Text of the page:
Writing a Cold Email Sequence that doesn’t humiliate you.

p.c: dreamstime.com
The art of speaking to a stranger. (It gets easier).

My last post gave you rules of how a sequence is structured. I have also talked a lot about how cold emails should be written (and they can always be made better) but today I want to show to you the world of cold email sequences.

Like every kind of sequence; the cold email sequence is meant to guide subtly to a grand CTA. But however grand the sequence may be in the mind of you — the writer, it would be futile if you don’t take into account some of the intricacies of handling strangers.

  • First — A stranger is skeptical but not scary or evil. They’re just a friend you’ve not met yet. And your wording, syntax, prose —grammar, EVERYTHING in your COPY— should reflect that. When you show interest, it gets people interested.
  • Second — A stranger may not need what you’re selling. So don’t try to shove. Be nice. It’s very easy to forget your manners when you’ve got a dozen rejects already, but trust me niceties pay off in the long run.
  • Third —- Honor all men especially with your copy. Your reaching out to a stranger should not be solely about your interests. Find out what they want and give it to them.

With all these in mind; let’s go into sequence writing:

To write a cold email sequence, I wouldn’t tell you there’s a magic button to push, or a one size fits all technique. But there’s a principle that works well (about 2% – 3% click through rates.)

The whole technique revolves around making the most out of the 8 cognitive biases. I talked about them in a post I made a few weeks ago. Namely:

•             Scarcity.

•             Reward/ Punishment

•             Liking/Loving Tendency

•             Over Optimism

•             Social Proof

•             Curiosity

•             Authority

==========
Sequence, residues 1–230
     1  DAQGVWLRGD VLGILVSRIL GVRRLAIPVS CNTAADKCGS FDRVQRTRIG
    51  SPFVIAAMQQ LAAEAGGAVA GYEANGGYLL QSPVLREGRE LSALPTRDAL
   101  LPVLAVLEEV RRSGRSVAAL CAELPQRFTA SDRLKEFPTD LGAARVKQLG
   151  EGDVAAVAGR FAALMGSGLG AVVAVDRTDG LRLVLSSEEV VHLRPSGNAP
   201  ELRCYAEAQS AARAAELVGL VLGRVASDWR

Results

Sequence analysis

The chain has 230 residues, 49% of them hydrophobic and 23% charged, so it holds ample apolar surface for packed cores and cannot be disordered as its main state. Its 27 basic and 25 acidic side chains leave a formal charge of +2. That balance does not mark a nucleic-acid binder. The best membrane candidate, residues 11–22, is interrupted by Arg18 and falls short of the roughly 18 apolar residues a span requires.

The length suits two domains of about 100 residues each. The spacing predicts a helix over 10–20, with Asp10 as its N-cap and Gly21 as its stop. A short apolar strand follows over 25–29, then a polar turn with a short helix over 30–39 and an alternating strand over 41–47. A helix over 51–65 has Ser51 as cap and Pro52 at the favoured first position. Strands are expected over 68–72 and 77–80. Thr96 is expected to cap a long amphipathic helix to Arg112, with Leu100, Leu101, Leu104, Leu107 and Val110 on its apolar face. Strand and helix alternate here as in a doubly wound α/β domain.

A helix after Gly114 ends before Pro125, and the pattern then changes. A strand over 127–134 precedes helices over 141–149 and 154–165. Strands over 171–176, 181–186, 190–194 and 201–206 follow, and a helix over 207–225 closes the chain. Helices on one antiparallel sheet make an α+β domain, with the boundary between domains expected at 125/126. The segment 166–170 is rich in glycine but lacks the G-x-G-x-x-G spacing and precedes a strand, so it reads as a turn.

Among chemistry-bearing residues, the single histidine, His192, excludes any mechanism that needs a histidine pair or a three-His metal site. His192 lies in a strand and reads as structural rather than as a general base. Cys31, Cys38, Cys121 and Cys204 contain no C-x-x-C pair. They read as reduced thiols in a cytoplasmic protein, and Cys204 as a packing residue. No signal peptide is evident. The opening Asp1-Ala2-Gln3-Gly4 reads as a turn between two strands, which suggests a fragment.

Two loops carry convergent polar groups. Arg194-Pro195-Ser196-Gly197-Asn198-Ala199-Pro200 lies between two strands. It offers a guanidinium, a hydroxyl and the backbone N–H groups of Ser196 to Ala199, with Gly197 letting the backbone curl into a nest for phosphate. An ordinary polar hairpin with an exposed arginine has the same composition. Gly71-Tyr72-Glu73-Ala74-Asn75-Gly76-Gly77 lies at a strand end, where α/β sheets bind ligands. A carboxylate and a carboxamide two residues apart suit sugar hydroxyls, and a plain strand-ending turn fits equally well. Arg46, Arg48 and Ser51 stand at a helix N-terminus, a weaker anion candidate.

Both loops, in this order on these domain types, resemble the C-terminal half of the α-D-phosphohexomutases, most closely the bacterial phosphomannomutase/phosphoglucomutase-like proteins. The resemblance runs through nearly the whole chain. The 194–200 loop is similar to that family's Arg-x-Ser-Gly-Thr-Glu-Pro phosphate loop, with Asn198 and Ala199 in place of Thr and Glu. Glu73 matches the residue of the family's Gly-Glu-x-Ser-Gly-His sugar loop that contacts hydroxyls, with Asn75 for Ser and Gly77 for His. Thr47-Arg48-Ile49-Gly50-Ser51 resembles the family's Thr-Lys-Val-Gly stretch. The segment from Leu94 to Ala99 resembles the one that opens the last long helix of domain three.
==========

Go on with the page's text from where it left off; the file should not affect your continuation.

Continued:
•             Reason Respecting Tendency

Today I’ll just lay on you one tip that’s helped me in recent times:

Most professionals say your opening line is the most important part of your body copy, and it just might be but a good salutation warms up prospects really fast.

E.g.: Highly esteemed John.

Most admirable drake

Most competent Joachim.

I don’t know what it is about these kind of salutations, but people are suddenly in a good mood because of them. Although you must remember to personalize, and try to keep it as short as possible. It should also be based on your research about your recipient.

Now in your subsequent sections you shouldn’t choke your reader up.

  • Allow for breathing in between your message blocks. Avoid huge chunks of content per block (It can be tolerated from grandma. But you’re a stranger.)
  • Use words that excite. And deliver the message across as clearly as possible. Yet sacrifice clarity for excitement if it comes down to it.
  • Your sequence means you have to be persistent until you get a response. Exercise your –patience muscle and keep coming back for that response.
  • Engineer your sequence in such a way that after the first email, you’re not perceived as a total stranger. Or worse —spam.

CONCLUSION

You’re contacting humans whenever you’re writing a set of emails, remember that. Exercise your empathy muscles and you’ll be just fine. But if you’d rather get help from a professional, I’d be happy to work with you. Reach out to me: uchennabede18 [at] gmail [dot] com

God speed & Good luck!

Author: Uchenna Bede

I write email copy for startups. In order to boost sales.

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